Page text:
In the home studio realm, my two current songs, The Story Lies and Who Speaks on Your Behalf are coming along. I got the bass part for the first song done a week or two ago, and the second one is there except for one riff. The Stories Lies is a groove number and I gave it a fun, funky bass line. Once I started practicing, I really wanted to nail the whole track in one take, to capture all the dynamics over the course of the song and really focus on the phrasing. I got pretty close. I ended up with a very usable take, and did only minor editing. In one section I was rushing a little so I pulled everything back a fraction of beat. You can’t push a click track like you can a human drummer.

Meanwhile I have most of Who Speaks on Your Behalf tracked, but there’s a riff at the beginning and again in the middle of the tune, a twisty run of 16th notes that just kicks my ass at that tempo. At first I couldn’t play it all; now the challenge is to do it cleanly. I don’t know how other bass players do this kind of thing, but I laid out the fingering to take advantage of open strings, and used a few hammer-ons and pull offs rather than striking every note with the right hand.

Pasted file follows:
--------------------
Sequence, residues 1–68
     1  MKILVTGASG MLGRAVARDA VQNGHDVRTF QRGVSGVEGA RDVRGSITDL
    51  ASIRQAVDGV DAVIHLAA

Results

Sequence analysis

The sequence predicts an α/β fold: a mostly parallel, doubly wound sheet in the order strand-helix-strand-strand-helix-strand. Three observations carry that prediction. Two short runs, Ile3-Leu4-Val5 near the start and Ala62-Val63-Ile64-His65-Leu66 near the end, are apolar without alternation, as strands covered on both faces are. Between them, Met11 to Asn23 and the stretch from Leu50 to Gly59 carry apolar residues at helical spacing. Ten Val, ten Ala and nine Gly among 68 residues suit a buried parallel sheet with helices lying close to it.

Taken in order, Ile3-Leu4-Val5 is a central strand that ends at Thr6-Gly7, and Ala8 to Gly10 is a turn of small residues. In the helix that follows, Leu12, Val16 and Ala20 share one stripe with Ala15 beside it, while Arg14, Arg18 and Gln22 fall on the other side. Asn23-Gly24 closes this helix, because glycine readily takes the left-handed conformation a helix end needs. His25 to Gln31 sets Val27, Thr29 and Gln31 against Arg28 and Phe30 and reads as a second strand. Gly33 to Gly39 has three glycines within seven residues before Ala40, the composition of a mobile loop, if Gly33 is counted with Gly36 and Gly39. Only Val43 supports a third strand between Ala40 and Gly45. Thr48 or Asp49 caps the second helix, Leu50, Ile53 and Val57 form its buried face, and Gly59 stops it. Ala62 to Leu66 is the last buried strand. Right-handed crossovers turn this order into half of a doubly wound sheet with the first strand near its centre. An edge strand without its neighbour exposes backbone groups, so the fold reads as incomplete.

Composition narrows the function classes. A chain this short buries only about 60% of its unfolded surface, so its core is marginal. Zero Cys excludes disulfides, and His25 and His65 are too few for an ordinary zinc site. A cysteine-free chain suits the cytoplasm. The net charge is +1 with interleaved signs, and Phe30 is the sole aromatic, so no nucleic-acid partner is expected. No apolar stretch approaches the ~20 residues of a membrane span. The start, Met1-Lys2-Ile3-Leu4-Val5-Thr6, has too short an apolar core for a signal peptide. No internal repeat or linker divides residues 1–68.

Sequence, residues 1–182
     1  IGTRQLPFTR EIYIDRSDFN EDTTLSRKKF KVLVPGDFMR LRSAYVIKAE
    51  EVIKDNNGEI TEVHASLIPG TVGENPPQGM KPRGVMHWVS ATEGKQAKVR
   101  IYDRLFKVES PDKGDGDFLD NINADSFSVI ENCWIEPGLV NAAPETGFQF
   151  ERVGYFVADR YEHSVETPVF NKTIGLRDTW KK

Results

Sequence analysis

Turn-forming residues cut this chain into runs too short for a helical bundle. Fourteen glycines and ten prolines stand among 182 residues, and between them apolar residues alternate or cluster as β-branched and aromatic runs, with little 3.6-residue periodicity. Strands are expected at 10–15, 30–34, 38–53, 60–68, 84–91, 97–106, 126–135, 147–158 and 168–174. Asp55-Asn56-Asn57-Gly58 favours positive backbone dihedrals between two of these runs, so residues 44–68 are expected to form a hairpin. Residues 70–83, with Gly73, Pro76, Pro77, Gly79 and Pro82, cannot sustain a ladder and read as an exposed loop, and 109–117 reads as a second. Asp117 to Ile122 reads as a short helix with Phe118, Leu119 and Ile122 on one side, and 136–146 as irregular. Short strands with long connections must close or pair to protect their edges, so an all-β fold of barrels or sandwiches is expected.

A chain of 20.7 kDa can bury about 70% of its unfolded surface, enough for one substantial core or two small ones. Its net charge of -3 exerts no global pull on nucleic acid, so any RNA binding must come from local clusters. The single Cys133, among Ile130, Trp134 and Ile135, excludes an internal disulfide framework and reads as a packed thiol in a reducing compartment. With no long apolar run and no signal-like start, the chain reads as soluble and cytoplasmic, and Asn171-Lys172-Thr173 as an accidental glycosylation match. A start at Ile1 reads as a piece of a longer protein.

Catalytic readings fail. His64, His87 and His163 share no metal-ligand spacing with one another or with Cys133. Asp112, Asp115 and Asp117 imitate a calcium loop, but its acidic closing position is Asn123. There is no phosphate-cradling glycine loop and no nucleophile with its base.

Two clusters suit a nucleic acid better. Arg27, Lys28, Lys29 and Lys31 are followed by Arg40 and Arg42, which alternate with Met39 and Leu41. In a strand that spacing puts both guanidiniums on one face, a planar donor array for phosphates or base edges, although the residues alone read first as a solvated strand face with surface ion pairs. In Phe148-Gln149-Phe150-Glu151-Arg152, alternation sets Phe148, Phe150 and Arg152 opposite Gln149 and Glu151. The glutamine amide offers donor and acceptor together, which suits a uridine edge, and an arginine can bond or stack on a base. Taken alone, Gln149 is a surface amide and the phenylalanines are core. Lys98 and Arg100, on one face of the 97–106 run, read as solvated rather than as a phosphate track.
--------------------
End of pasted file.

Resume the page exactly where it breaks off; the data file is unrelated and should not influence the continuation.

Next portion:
I’m still trying to get the new rock band off the ground. I put out an ad for a guitarist who sings and writes, and this dude Joe answered. He sent me some demoes of his songs. Good stuff, I like his lyrics and the way he creates drama in his songs, and he can certainly sing and play, although he doesn’t really know jazz harmony. We got together for a rehearsal a couple weeks ago with Ken on bass and Steve on drums. We did a couple of my songs and a couple of Joe’s, and some plain ol’ jamming. The vibe was pretty good. Ken and Steve definitely grok my songs, although Joe was hearing them for the first time and didn’t really get the chords, and we were all learning Joe’s songs new.

Tonight Joe came over to my house and we got alot deeper into learning each other’s songs and talking about our influences and what we want out of a band. It seems like a good fit. He learned my song Ghost in the Machine pretty readily once I broke it down and explained the chords. We were supposed to get together with the full band later this week and I was feeling pretty psyched about it.

But then our bass player Ken had to bow out out temporarily. He’s the director of crisis communications for a major international bank and so his day job has been crazy the last few weeks because of the caronavirus epidemic, and it looks like things may well get worse before it gets better. Ah well.

Back at the Bean Runner – Haven Street Live Jazz

!!! Correction – the date is Friday February 28 !!!

What with all the recent travel and excitement, I almost forgot to mention there’s a gig coming up, just over a week away!

My jazz group Haven Street returns to The Bean Runner Cafe in Peekskill, Friday February 28 at 8 o’clock start time, $10 cover. This is one of our favorite places to play, and we always have a good time and get good crowd. Should be lots of fun, so come check it out!